You’ve been in a car accident and sustained a head injury. You recovered, but years later you begin having difficulty sleeping. You also become very sensitive to noise and bright lights, and find it hard to carry out your daily activities, or perform well at your job. This is a common situation after a traumatic brain injury—many people experience bad side effects months or years later. These long-term effects can last a few days or the rest of a person’s life. Read more
LuxAI announces the launch of QTrobot for Home, an engaging social robot playmate that helps children with autism to learn and practice new social, emotional, and cognitive skills. Continue reading
Just in time for Valentine’s Day, researchers discover the hormone kisspeptin can enhance activity in brain regions associated with sexual arousal and romantic love. Matthew Stock reports. Continue reading
A “NaNose” device which can diagnose 17 diseases, including cancer and Parkinson’s, based on ‘smelling’ a patient’s breath paves the way for quick, non invasive and affordable early detection according to its Israeli developers. Stuart McDill reports. Continue reading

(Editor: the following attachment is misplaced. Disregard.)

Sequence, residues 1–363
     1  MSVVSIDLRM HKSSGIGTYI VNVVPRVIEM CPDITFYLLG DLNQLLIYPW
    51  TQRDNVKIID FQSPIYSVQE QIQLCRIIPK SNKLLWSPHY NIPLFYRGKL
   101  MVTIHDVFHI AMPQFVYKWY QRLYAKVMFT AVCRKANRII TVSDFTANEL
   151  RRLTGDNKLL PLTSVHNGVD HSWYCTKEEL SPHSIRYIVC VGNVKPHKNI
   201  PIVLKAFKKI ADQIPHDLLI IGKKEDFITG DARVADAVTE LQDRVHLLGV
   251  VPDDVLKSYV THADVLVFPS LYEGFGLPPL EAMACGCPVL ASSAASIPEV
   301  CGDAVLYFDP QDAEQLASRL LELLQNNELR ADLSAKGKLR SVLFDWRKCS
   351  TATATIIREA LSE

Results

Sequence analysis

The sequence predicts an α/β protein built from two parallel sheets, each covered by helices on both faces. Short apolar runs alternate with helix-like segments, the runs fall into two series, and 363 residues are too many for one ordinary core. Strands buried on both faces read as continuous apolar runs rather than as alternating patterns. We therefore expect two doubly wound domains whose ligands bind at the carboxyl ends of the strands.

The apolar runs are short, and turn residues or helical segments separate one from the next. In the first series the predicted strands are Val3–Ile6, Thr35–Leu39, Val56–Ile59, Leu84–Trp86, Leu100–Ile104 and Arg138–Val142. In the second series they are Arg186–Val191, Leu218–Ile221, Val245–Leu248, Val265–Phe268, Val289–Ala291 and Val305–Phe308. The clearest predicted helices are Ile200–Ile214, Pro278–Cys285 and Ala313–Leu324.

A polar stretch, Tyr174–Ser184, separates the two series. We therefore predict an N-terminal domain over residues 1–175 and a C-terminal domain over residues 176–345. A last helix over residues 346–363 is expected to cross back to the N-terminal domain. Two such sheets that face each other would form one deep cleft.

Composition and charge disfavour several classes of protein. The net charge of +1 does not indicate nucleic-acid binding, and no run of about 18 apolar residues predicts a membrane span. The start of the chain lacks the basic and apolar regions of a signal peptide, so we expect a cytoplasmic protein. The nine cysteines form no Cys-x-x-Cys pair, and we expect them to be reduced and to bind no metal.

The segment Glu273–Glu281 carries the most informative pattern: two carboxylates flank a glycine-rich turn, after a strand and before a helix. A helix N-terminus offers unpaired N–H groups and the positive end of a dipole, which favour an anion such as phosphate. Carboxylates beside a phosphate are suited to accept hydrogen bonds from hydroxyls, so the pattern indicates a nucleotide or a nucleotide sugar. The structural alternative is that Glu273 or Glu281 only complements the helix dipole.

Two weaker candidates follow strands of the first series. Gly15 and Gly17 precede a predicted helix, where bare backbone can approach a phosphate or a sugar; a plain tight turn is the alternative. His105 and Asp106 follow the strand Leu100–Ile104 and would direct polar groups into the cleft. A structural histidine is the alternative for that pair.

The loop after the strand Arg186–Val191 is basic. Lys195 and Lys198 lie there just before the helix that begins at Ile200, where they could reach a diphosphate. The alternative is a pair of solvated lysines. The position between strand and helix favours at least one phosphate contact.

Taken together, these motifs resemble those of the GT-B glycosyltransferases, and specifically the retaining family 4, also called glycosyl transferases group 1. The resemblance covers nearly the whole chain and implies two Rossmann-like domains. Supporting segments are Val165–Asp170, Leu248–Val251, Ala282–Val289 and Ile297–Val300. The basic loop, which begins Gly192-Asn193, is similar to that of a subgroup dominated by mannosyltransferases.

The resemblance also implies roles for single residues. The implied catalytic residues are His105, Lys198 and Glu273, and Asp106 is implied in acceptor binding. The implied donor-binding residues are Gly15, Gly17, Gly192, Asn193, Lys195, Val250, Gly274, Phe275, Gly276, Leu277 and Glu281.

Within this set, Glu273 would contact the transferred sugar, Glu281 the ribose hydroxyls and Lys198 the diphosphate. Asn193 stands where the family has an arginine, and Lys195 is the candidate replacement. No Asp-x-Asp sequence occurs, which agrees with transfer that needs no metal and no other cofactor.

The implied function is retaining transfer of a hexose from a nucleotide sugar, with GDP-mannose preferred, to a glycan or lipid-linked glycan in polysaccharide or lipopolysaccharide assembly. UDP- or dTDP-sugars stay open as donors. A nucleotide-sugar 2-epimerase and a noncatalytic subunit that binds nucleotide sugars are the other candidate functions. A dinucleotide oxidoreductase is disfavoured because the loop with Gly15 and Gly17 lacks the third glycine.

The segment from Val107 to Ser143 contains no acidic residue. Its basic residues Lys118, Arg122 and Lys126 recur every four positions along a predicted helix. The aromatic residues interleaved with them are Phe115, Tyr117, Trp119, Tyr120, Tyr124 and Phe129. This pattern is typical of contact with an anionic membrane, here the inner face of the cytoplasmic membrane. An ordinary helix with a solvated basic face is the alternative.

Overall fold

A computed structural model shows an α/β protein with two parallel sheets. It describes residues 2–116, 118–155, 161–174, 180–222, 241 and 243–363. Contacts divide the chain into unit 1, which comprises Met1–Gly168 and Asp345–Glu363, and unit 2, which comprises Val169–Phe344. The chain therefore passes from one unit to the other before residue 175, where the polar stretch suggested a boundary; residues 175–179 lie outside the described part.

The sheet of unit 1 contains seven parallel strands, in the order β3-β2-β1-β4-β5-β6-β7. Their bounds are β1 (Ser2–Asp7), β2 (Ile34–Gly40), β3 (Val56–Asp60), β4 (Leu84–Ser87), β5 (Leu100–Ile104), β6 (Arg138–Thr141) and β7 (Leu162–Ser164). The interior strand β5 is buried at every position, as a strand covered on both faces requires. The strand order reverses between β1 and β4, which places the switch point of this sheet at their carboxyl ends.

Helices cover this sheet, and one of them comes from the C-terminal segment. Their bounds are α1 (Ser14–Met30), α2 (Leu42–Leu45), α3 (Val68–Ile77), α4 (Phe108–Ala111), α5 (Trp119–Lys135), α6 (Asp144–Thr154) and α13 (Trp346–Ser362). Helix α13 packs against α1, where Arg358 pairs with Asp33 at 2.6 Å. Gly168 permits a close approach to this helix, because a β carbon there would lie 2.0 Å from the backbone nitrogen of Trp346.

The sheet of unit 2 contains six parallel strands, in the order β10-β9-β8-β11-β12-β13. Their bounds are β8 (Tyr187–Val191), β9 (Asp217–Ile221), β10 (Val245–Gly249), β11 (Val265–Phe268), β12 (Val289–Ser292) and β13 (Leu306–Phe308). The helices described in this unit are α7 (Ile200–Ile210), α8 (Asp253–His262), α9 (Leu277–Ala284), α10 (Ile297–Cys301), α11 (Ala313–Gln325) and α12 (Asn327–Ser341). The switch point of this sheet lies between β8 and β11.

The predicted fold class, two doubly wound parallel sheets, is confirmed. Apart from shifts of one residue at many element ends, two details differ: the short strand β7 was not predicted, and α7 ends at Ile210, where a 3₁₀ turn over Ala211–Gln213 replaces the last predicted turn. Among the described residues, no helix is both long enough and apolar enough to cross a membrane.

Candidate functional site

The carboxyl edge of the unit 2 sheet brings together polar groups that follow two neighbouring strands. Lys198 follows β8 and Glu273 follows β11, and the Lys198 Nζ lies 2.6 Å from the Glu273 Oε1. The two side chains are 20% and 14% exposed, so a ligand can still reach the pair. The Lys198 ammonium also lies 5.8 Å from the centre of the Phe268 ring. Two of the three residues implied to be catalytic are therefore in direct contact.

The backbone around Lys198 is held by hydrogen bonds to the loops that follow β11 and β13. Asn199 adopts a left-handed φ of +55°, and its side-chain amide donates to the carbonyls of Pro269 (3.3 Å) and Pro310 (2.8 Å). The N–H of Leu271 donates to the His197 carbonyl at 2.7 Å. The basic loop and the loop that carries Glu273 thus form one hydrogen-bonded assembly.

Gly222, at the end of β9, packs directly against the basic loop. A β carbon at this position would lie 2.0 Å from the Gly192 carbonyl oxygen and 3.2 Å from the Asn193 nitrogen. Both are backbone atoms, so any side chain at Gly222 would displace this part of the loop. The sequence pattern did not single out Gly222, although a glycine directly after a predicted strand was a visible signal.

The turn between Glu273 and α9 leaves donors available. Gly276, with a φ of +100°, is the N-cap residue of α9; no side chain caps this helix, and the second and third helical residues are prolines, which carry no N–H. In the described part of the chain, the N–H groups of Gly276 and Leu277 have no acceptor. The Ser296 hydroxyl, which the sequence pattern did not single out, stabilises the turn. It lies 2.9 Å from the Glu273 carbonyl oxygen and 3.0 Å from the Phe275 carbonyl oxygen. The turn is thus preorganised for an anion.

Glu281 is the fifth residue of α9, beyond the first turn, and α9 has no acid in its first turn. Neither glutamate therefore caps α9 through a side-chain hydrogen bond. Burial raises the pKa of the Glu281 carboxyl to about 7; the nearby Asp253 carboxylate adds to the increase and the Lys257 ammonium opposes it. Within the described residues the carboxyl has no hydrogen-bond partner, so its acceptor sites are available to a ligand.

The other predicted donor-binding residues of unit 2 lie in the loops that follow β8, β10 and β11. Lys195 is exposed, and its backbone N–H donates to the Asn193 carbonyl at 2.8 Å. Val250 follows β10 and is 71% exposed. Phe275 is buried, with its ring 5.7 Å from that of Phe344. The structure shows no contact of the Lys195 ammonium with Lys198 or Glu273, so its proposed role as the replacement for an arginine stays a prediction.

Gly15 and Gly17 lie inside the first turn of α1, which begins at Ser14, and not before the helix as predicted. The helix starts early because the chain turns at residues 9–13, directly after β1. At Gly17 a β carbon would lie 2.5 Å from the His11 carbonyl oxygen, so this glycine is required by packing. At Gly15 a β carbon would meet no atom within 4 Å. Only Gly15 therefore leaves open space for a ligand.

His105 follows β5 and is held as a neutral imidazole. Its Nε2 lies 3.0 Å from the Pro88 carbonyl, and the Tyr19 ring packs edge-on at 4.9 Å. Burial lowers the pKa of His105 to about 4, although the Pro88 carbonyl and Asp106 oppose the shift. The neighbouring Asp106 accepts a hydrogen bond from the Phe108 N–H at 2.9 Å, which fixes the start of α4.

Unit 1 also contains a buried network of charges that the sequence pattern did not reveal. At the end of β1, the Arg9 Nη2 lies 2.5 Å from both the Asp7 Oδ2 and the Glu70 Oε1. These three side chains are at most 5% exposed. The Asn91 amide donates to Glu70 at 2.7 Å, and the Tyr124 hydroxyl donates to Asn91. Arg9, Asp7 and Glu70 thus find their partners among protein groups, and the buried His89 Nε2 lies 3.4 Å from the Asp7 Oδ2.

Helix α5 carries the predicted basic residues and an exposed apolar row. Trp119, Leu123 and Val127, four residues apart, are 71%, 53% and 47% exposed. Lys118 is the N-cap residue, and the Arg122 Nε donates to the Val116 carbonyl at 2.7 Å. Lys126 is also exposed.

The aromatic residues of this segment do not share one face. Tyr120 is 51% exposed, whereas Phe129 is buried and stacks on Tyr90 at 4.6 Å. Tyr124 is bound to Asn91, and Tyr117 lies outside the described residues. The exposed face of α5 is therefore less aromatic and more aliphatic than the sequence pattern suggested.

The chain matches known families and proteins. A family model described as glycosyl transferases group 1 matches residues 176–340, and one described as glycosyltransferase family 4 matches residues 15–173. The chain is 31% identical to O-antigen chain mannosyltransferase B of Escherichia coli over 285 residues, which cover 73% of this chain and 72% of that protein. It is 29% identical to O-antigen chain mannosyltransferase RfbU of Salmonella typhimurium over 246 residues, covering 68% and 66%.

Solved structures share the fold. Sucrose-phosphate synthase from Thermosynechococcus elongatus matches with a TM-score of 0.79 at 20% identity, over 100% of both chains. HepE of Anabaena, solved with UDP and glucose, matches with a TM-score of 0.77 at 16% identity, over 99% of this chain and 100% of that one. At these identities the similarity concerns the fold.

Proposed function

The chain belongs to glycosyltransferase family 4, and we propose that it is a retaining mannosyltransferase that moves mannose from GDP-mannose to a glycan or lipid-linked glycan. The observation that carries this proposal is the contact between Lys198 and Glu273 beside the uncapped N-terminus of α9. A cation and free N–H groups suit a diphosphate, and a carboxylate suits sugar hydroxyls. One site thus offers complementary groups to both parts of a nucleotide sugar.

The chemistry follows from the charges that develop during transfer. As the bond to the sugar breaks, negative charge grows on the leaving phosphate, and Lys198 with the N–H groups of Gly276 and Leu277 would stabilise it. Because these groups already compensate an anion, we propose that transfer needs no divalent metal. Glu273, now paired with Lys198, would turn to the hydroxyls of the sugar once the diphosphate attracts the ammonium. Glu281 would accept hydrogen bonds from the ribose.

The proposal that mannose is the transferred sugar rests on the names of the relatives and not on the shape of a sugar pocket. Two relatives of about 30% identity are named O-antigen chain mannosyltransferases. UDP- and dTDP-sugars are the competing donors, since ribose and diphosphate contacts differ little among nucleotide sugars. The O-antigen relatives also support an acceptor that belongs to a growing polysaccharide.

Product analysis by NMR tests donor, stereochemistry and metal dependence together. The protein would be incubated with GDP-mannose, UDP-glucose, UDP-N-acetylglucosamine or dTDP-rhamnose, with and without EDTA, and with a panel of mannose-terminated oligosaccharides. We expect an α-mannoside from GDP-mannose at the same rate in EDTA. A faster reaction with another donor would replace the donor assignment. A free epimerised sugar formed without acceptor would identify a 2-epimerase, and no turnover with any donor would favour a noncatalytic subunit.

Bicycle helmets that utilize airbag technology instead of conventional hard foam may offer five times more protection against brain injuries, according to Stanford University researchers. Ben Gruber reports.
Someone develops dementia every three seconds, according to Alzheimer’s Disease International.
And there are close to 47 million people already living with the disease.
Researchers have discovered a link between circadian rhythms and Angelman syndrome, a genetic disorder which inhibits brain development leaving its victims unable to speak while suffering from seizures and sleep problems. The link between the biological clock and Angelman’s could prove to be a powerful tool in the search for treatments and a possible cure for the disease. Its discovery was made in part by a mother who has sacrificed everything in order to try and help her son. Ben Gruber has more.